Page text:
Meet Darrel Ratliff, who continues to run his shoe repair business while also being an in-center dialysis patient. Darrel was a diabetic for many years until lab tests in 2009 revealed values his doctor did not like. He was immediately admitted to the hospital and given two dialysis treatments that day. Results of a subsequent needle biopsy determined only four percent kidney function. Darrel has struggled with many health setbacks such as anemia, infection scares and allergies. He jokingly states that he must now follow a dialysis diet and that means, “if it tastes good, spit it out!”
Darrel doesn’t let his kidney disease stand in the way of his vocation — a skilled cobbler who works mainly on orthopedic footwear. Three days per week, he opens his shop from 10:00 until noon, and then spends the afternoon on dialysis. Other weekdays his store is open from 9:00 to 4:00. Saturdays you’ll find him behind the bench from 10:00 to 4:00. He learned about corrective footwear and shoe “alteration” by watching his grandfather, who had a club foot, customize his own shoes.
Darrel’s family has many members who work with their hands, so Darrel was a watchful apprentice in his youth. He bought his first shoe repair store from a friend in 1977 and observed for one month. Darrel states he reads extensively on the topic of orthopedics to help him understand what is needed in footwear that will accommodate his customers’ anomalies. He prefers to work on high quality shoes and doesn’t advertise. Word-of-mouth has kept clients coming in and he estimates that he serves around sixty customers per week.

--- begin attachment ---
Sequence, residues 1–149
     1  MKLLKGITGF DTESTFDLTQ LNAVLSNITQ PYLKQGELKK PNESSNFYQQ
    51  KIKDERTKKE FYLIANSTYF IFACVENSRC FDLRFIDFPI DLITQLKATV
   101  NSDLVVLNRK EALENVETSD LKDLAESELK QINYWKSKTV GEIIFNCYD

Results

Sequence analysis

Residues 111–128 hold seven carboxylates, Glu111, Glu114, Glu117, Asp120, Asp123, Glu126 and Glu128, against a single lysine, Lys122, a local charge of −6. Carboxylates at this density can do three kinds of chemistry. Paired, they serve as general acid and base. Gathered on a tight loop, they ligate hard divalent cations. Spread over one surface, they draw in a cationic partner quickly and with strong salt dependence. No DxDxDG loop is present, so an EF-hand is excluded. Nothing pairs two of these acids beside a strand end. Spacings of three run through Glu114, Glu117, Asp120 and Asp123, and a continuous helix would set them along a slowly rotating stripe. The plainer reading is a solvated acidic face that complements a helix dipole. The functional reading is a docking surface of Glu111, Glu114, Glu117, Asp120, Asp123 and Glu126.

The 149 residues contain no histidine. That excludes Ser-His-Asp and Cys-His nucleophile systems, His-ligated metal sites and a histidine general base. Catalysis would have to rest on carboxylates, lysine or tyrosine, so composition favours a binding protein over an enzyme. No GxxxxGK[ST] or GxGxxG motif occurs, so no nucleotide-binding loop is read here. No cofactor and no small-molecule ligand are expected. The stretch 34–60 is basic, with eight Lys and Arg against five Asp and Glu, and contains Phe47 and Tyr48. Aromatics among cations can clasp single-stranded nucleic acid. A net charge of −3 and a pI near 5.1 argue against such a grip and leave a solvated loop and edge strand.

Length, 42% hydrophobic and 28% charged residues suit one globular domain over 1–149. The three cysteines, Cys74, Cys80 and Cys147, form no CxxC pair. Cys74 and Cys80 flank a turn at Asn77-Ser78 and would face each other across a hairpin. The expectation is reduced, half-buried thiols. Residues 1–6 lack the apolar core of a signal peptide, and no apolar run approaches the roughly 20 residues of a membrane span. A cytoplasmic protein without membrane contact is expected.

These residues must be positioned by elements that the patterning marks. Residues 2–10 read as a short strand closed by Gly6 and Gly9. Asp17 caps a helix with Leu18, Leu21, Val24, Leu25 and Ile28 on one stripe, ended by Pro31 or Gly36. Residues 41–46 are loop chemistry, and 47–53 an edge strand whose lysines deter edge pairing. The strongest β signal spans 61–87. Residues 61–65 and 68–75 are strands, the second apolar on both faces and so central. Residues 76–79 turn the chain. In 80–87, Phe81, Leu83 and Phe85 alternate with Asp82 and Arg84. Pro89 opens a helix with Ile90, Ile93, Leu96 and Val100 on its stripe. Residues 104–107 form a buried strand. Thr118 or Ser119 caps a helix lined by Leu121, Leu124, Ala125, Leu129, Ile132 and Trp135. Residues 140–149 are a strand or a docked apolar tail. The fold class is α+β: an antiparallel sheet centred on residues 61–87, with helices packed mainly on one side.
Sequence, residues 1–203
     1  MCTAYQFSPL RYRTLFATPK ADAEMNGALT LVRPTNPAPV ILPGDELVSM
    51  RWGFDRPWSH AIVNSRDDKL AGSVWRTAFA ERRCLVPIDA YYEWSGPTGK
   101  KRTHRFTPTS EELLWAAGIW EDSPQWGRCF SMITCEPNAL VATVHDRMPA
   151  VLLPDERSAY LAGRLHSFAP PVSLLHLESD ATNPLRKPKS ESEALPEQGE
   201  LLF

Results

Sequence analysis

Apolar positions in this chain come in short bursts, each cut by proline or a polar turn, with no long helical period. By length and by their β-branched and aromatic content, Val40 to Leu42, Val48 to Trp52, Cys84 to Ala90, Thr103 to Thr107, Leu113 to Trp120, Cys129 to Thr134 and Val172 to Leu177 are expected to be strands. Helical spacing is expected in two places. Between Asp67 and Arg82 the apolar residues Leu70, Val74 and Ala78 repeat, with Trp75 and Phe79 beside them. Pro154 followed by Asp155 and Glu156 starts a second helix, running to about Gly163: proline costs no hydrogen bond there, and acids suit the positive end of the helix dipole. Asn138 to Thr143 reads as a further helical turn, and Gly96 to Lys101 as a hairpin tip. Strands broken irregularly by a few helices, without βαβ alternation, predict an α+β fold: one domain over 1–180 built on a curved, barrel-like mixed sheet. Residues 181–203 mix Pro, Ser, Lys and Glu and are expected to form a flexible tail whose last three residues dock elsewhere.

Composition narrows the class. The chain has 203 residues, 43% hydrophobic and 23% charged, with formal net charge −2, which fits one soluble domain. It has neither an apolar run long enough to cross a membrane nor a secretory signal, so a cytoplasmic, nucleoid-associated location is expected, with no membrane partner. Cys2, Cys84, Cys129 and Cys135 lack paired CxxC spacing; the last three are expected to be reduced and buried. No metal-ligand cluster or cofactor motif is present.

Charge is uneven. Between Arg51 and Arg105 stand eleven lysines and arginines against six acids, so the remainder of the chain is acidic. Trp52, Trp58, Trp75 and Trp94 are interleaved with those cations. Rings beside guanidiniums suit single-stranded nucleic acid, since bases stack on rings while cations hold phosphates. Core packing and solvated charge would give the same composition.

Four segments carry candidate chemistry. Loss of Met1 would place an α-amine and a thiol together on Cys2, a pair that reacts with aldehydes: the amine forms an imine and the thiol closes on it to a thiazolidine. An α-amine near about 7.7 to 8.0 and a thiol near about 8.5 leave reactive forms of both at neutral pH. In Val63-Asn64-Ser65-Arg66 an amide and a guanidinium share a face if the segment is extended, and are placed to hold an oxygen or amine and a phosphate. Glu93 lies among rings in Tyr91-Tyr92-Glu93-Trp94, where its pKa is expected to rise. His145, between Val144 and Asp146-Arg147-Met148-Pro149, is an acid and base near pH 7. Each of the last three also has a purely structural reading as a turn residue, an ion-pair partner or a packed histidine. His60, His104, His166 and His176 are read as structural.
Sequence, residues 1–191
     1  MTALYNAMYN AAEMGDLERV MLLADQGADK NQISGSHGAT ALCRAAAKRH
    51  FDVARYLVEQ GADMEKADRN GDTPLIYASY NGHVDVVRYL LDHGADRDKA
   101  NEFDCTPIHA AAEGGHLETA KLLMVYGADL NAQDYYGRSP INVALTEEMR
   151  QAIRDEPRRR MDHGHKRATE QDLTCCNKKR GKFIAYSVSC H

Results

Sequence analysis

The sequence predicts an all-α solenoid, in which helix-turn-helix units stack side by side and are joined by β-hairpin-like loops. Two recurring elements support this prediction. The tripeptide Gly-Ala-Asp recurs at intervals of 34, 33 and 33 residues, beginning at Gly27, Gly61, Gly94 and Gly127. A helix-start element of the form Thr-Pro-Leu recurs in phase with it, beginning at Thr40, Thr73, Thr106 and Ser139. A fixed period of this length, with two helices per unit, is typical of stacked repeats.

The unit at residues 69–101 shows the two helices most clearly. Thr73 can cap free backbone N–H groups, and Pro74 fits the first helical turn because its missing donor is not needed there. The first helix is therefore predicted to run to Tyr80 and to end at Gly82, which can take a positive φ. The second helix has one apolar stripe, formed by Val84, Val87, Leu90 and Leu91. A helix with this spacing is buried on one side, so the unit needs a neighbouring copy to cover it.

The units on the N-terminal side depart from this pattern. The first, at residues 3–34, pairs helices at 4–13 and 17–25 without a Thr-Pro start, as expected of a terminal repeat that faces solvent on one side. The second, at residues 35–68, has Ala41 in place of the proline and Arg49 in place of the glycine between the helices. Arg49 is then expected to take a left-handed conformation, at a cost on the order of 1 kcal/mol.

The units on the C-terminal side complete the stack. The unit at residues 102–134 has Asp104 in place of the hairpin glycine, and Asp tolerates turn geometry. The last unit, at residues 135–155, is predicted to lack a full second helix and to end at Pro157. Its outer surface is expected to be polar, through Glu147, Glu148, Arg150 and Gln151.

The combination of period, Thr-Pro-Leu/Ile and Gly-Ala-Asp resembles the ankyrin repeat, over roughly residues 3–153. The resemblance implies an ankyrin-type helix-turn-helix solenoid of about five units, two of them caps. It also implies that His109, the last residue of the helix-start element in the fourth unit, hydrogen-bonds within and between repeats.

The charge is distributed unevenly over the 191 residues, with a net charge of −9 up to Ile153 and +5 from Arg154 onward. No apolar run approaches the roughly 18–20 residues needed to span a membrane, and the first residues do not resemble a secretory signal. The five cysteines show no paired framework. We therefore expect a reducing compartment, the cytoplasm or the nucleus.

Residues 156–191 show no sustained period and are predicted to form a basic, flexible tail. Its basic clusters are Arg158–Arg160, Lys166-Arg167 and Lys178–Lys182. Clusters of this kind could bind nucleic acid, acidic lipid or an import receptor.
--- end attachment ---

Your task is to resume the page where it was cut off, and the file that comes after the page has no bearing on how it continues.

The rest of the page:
His upbeat attitude is reflected in his suggestions for fellow dialysis patients. “Keep your hands and mind busy.” Self-employment works best for dialysis patients, according to Darrel. He believes that computer skills are the key and using Wi-Fi at your dialysis center is a great use of time. He takes his laptop to dialysis; sleeps for the first two hours, then watches the news and finishes up with paperwork. “It makes the time go quickly,” he quips. A former DJ, Darrel has compiled several playlists for enjoying while on dialysis. For him, a positive attitude is the secret to working around his kidney disease.
Darrel also enjoys being a Patient Ambassador for Dialysis Patient Citizens (DPC). Darrel finds the time to elevate the patient voice despite having a busy schedule working and dialyzing. Darrel is always participating in the monthly conference calls to better himself as an advocate. He participated in the 2013 Fall Fly-In, where he met with legislators from his home state of Kentucky to urge them to reverse the proposed Medicare reimbursement cuts. He has contacted his legislators regarding the issues that threaten his care and written various letters to educate his community about kidney disease. To learn more about the Patient Ambassador program, click here.